Tag Archives: secret room

Championing in the Writing for Screen and Television Department of USC School of Cinematic Arts

Main piece:

Student #1: It was like, the way people get into screenwriting is every screenwriting professor picks an application and has to fight for it. Um, and so every student has their “champion” who is the one who fought for them to get into this program, and then before you graduate they have to tell you who they are. 

Student #2: I heard the same version Student #1 heard but I didn’t hear it freshman year. I heard it at Admitted Student Day back as a senior. And there was like this panel of like upperclassmen getting ready to graduate and they were doing this Q&A and then one of them brought up the champions and they basically said what Student #1 said, but then they also said that there was like a room somewhere that they go to specifically to do the applications each year, to read them, and before we graduate they’ll take us to that room and be like ‘oh this is where you were chosen’ or something like that. 

Background: Student #1 and Student #2 are sophomore majors of the Writing for Screen and Television Program and USC School of Cinematic Arts. Although away from campus due to COVID-19, both of them were on campus and participating in its folklore the previous year. While Student #1 couldn’t remember where she heard the legend, she believed it was when she was on campus freshman year. Additionally, freshman year SCA students are assigned a “big”, an older student in the major who is meant to show them the ropes first semester, and are known to pass down lore to incoming students. As stated above, Student #2 heard it during Admitted Students Day. 

Context: This piece was brought to my attention through a text message Student #2 sent, requesting that we meet to discuss “SCA” (School of Cinematic Arts) folklore. She casually mentioned “like the rumor of having champions and the secret room where they read our applications”. I had never heard that rumor, and ended up meeting with her and Student #1 (via Zoom) to discuss it, and share the folklore that I knew in return. Both students called the championing a “legend”, which means they are unsure about the “truthiness” of it. They both seemed inclined to believe it to be true, or at the very least hopeful that some professor wanted them there and was looking out for them.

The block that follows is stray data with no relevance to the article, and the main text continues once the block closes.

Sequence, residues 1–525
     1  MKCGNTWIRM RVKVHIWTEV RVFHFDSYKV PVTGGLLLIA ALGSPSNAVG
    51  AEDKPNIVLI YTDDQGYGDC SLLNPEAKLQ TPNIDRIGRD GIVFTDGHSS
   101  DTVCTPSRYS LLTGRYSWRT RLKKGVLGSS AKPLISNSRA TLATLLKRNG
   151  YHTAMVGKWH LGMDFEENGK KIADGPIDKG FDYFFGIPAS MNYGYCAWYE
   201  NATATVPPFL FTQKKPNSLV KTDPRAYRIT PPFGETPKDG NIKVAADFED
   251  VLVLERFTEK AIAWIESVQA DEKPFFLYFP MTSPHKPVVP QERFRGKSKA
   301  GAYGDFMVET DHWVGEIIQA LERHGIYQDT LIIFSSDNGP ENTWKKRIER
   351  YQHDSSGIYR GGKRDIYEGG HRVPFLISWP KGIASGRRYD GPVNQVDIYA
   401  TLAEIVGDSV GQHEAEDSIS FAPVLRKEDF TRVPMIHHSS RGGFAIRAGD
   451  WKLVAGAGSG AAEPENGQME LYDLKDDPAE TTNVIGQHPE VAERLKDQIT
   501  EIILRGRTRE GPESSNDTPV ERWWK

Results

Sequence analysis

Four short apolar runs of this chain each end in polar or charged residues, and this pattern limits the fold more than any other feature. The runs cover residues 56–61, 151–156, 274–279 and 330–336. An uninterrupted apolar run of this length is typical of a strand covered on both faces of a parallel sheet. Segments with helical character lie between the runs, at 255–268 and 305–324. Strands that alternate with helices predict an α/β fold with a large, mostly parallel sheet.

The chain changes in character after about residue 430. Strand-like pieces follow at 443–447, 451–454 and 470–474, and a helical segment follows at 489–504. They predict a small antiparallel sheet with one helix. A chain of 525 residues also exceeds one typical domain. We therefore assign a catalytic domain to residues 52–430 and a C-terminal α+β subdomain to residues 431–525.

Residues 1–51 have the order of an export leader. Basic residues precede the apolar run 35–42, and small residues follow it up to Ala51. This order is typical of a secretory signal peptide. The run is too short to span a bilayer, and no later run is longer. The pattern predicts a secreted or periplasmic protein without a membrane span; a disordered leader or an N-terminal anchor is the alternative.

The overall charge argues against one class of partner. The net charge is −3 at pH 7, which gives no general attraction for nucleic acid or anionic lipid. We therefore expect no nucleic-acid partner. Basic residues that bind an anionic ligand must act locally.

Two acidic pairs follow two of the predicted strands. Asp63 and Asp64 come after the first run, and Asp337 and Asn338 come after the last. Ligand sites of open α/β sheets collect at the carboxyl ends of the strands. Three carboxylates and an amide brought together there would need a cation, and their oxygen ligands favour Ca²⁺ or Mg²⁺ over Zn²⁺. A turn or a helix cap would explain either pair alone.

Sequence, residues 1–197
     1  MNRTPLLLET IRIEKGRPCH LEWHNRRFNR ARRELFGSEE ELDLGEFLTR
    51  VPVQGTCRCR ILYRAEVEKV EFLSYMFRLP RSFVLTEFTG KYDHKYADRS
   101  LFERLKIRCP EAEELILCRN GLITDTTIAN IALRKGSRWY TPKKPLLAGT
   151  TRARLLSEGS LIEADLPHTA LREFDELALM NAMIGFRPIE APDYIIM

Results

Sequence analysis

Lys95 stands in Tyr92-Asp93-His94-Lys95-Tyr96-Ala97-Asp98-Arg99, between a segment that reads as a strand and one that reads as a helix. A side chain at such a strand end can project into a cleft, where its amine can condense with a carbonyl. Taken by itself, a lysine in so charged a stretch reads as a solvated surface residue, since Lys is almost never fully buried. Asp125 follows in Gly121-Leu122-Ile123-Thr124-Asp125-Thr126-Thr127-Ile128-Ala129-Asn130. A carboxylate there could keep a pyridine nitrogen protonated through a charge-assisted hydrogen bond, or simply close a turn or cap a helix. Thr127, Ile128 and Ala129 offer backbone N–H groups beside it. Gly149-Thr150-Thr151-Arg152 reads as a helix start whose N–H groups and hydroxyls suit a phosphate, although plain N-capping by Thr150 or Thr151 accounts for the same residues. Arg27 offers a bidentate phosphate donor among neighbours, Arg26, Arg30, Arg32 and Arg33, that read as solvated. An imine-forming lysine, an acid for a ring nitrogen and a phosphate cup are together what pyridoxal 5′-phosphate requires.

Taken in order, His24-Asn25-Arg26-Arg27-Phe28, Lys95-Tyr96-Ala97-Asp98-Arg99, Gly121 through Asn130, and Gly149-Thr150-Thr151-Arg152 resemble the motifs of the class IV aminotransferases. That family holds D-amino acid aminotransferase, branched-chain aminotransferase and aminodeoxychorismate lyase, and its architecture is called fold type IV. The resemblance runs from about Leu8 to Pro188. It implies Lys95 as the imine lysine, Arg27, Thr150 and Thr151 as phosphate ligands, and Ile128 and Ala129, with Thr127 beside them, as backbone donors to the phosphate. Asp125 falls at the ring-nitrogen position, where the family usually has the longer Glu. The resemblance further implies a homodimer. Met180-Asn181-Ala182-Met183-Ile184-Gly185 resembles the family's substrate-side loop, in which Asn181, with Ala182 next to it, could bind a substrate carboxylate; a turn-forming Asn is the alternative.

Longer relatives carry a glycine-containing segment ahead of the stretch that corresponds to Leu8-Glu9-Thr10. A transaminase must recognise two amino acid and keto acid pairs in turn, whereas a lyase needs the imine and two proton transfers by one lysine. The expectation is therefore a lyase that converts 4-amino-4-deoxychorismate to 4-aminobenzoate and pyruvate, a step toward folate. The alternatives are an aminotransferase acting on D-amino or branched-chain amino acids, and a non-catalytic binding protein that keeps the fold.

Analysis: Championing is a Writing for Screen and Television major legend that serves as a way of making new members feel wanted in the community. People hear of championing either once they’ve been admitted to the school or when they first get there, a time that they are technically a member of the community even if it doesn’t feel that way yet. This liminality, accompanied by the fact that college in itself is a new scary space, has students looking for reasons to belong. Being told that they are special enough to fight for, and in fact, their membership is contingent on someone fighting for them, makes students feel more comfortable in the space, and induces a greater sense of validation and belonging. The legend of championing is accompanied by the knowledge (true or not) that it is not happenstance nor circumstance that led to their acceptance, but a completely intentional act. Additionally, many people are away from their parents for the first time once they attend college, and having a teacher “choosing” them inspires a greater sense of comfort as this can be analogized to their own relationships with mentors or other parental figures. It can also be interpreted as creating stronger bonds among the students themselves, as they are the “chosen” ones, specifically selected to be there when others were rejected. This “us vs. them” mentality creates a shared identity that can be used to inspire greater familiarity among new students, as well as students from older grades. As it is traditionally the older students who pass down this knowledge to the younger ones, the legend of championing can be used by older members to invite younger ones into the community. The addition of a “secret room” where the applications are read heightens the sensibility that the students are important and that the Writing for Screen and Television department itself is prestigious enough to warrant this kind of behavior, adding mystery to a process students are already familiar with, that of college admissions.